Preprints
https://doi.org/10.5194/os-2021-101
https://doi.org/10.5194/os-2021-101

  19 Nov 2021

19 Nov 2021

Review status: this preprint is currently under review for the journal OS.

On the use of acoustic data to characterise the thermohaline stratification in a tropical ocean

Ramilla Vieira Assunção1,2, Anne Lebourges-Dhaussy2, Alex Costa da Silva1, Bernard Bourlès3, Gary Vargas4, Gildas Roudaut2, and Arnaud Bertrand1,4,5 Ramilla Vieira Assunção et al.
  • 1Laboratório de Oceanografia Física Estuarina e Costeira, Depto. Oceanografia, UFPE, Recife, Pernambuco, Brazil
  • 2Institut de recherche pour le développement (IRD), UMR 6539 LEMAR Ifremer, Université de Bretagne Occidentale, Technopole Brest Iroise, Plouzané, France
  • 3Institut de recherche pour le développement (IRD), IMAGO, Plouzané, France
  • 4Universidade Federal Rural de Pernambuco, Recife-PE, Brazil
  • 5Institut de recherche pour le développement (IRD), MARBEC, Université Montpellier, Ifremer, IRD, Sète, France

Abstract. The use of active acoustic to monitor abiotic structures and processes in the ocean have been gaining ground in oceanography. In some systems, acoustics allow the robust estimation of the depth of the pycnocline or thermocline either directly or indirectly when the physical structures drive the one of organisms. Here, we examined the feasibility of extracting the thermohaline structure (mixed-layer depth, upper and lower thermocline) from echosounder data collected in the oligotrophic Southwestern tropical Atlantic region at two seasons (spring and fall), more precisely in two areas with different thermohaline conditions, at both day and night. For that, we tested three approaches: (i) the vertical extension of the epipelagic community; (ii) the use of acoustic gradients; and (iii) a cross-wavelet approach. Results show that, even if the thermohaline structure impacts the vertical distribution of acoustic scatters, the resultant structuring did not allow for a robust estimation of the thermohaline limits indicating that other oceanographic or biological processes are acting. This result prevents for a fine-scale representation of the upper-layer turbulence from acoustic data. However, studying the proportion of acoustic biomass within each layer provides interesting insights on ecosystem structure in different thermohaline, seasonal and diel scenarios.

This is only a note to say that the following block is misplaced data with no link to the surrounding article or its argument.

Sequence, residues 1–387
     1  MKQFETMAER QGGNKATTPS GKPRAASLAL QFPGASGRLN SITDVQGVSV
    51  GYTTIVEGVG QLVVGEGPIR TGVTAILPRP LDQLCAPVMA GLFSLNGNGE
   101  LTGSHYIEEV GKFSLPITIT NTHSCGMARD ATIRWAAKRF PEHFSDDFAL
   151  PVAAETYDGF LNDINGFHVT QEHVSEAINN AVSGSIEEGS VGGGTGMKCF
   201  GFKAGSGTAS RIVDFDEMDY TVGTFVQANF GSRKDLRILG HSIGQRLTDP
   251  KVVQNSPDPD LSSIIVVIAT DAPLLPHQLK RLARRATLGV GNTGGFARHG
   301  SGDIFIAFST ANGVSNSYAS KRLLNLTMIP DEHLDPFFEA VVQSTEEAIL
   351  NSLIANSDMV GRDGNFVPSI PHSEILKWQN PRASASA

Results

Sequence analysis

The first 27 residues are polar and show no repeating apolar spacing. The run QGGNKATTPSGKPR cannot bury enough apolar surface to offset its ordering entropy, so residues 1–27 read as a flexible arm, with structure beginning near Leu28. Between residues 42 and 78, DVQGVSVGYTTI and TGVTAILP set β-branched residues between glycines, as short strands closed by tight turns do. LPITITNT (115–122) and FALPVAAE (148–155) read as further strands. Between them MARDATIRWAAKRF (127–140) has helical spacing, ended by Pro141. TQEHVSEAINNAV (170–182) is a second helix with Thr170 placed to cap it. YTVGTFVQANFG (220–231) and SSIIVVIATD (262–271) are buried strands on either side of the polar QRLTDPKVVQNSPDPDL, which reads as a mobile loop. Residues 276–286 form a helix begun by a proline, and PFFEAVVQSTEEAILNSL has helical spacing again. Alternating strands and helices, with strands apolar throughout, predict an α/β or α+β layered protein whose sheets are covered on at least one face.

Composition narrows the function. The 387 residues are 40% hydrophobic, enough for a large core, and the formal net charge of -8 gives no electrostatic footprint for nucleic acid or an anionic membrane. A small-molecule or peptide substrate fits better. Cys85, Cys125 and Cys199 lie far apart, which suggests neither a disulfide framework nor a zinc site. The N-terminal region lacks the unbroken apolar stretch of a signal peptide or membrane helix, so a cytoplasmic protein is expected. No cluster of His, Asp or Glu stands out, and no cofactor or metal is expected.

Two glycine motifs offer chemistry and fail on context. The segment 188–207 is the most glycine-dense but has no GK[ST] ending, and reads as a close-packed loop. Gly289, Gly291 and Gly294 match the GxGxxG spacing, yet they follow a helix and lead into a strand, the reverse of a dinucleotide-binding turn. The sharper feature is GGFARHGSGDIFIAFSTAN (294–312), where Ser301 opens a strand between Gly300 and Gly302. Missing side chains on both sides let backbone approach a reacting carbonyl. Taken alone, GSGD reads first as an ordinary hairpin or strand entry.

Ramilla Vieira Assunção et al.

Status: open (until 14 Jan 2022)

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Ramilla Vieira Assunção et al.

Ramilla Vieira Assunção et al.

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Short summary
Active acoustics has been used to characterize physical structures and processes in the ocean, typically attributed to biological dispersion or turbulent structures. We take advantage of acoustic data from the Southwest Atlantic to test the feasibility of this approach in an oligotrophic region. The results show that the thermohaline structure impacts the vertical distribution of acoustic scatterers, however the methods tested did not allow a robust estimate of the thermohaline limits.